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How do you form -able words? Which root do you have to attach the suffix to in order to make the new word?

For example, is the word 'restrictionable' correct?

restriction + -able ⇒ 'that may or should be restricted'?

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    Did you even googled this word? If you did, you would have known then. – Usernew Oct 20 '15 at 13:35
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    Why wouldn't you use restrictable? en.wiktionary.org/wiki/restrictable – ColleenV Oct 20 '15 at 13:52
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    I'm voting to close this question as off-topic because "is this a real word" can be answered with a dictionary. If it is a request for a word that has a specific meaning, the question should be rephrased. – ColleenV Oct 20 '15 at 13:55
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    @ColleenV But many suffixes in English are productive which means they can be used to form words that have never been said before. I don't know for sure whether this is one of them. It seems to me that in a situation where official restrictions were regularly placed on things according to various criteria, we could use a word like this. It wouldn't mean the same thing as restrictable, it seems to me. – Araucaria Oct 20 '15 at 14:24
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    @ColleenV ... but, the biggest problem with that would be that this suffix is normally used to make adjectives from verbs, not from nouns (although there are exceptions). So this would probably be an impediment to the felicitous creation of the word. So the big point here is about how this particular suffix can be used. There's no limit, it seems to me, on using this suffix with transitive verbs. So it would seem to be a valid grammar question. – Araucaria Oct 20 '15 at 14:28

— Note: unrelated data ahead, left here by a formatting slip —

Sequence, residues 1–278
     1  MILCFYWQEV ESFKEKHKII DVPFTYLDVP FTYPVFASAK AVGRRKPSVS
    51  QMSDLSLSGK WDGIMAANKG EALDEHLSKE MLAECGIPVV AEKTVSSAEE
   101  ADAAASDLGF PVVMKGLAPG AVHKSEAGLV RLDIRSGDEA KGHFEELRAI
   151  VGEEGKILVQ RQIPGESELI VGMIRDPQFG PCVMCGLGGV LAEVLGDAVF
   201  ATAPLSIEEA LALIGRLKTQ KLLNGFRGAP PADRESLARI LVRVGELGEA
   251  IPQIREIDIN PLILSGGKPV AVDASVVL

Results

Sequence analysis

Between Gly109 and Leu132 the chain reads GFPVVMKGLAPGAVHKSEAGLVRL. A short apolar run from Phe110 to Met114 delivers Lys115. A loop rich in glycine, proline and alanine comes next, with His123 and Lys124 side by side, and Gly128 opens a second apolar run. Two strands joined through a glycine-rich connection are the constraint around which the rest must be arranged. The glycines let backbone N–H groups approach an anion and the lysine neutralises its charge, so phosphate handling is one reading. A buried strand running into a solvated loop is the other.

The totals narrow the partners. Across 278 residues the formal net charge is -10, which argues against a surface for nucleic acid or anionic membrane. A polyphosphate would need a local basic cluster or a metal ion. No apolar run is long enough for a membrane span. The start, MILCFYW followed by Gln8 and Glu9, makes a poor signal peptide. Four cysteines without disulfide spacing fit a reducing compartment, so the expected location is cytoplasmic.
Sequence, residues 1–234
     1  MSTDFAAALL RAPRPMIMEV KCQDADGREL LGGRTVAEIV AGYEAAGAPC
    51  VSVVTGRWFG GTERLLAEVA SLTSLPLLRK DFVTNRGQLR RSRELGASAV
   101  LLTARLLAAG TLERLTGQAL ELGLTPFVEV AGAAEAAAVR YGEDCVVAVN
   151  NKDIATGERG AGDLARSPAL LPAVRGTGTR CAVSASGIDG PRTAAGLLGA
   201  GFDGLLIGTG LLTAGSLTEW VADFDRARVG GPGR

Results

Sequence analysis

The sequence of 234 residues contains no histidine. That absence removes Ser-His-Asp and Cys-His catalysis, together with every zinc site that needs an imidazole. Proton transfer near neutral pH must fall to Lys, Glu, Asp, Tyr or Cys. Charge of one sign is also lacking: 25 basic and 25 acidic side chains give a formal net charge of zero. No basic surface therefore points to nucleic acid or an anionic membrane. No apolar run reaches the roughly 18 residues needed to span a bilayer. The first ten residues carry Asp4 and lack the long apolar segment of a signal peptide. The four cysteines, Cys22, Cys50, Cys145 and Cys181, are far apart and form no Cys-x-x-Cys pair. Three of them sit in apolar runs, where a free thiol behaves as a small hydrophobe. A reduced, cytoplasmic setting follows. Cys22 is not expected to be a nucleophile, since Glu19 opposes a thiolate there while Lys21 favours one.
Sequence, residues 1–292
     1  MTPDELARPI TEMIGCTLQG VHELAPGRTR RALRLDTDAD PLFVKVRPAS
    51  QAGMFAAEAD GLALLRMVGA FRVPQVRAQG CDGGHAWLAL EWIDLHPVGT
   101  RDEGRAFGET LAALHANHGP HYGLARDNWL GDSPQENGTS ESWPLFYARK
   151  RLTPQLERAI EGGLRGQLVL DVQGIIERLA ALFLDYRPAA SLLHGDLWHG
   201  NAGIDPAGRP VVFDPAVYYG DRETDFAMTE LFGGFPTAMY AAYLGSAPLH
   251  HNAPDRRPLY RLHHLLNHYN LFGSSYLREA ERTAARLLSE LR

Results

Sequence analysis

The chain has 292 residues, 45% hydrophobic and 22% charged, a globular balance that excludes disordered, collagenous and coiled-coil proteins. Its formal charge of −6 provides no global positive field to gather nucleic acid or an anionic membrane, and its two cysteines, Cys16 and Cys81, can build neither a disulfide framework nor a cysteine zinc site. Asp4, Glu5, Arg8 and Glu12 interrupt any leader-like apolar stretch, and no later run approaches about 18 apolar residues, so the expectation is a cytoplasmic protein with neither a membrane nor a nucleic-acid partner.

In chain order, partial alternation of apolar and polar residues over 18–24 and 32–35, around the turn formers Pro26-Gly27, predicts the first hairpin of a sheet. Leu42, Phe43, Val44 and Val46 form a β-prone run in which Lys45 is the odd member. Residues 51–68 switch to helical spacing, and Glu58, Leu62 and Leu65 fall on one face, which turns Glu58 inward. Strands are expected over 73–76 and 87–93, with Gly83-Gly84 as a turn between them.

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We can freely make new adjectives from verbs using the suffix -able. It does not matter at all whether these words have ever been used before. It does not matter if these words are in the dictionary or not. Anybody can understand these words as long as they understand the verb involved. When we can use a suffix like this, we call it a productive suffix. We can have productive prefixes too.

The suffix -able is a productive suffix. We use it to turn verbs into adjectives. However, there are a few restrictions:

  • We can't freely do this with intransitive verbs, unless they have some kind of preposition phrase following.
  • If there is already an adjective ending in the suffix -ible, then you can't usually spell it with -able. There aren't many words like this. One example is accessible. If you write accessable then your spell-checker or your teacher will mark it as wrong.

So think of any transitive verb you like, stick an -able on the end of it, and you'll almost definitely have a nice, perfectly formed adjective: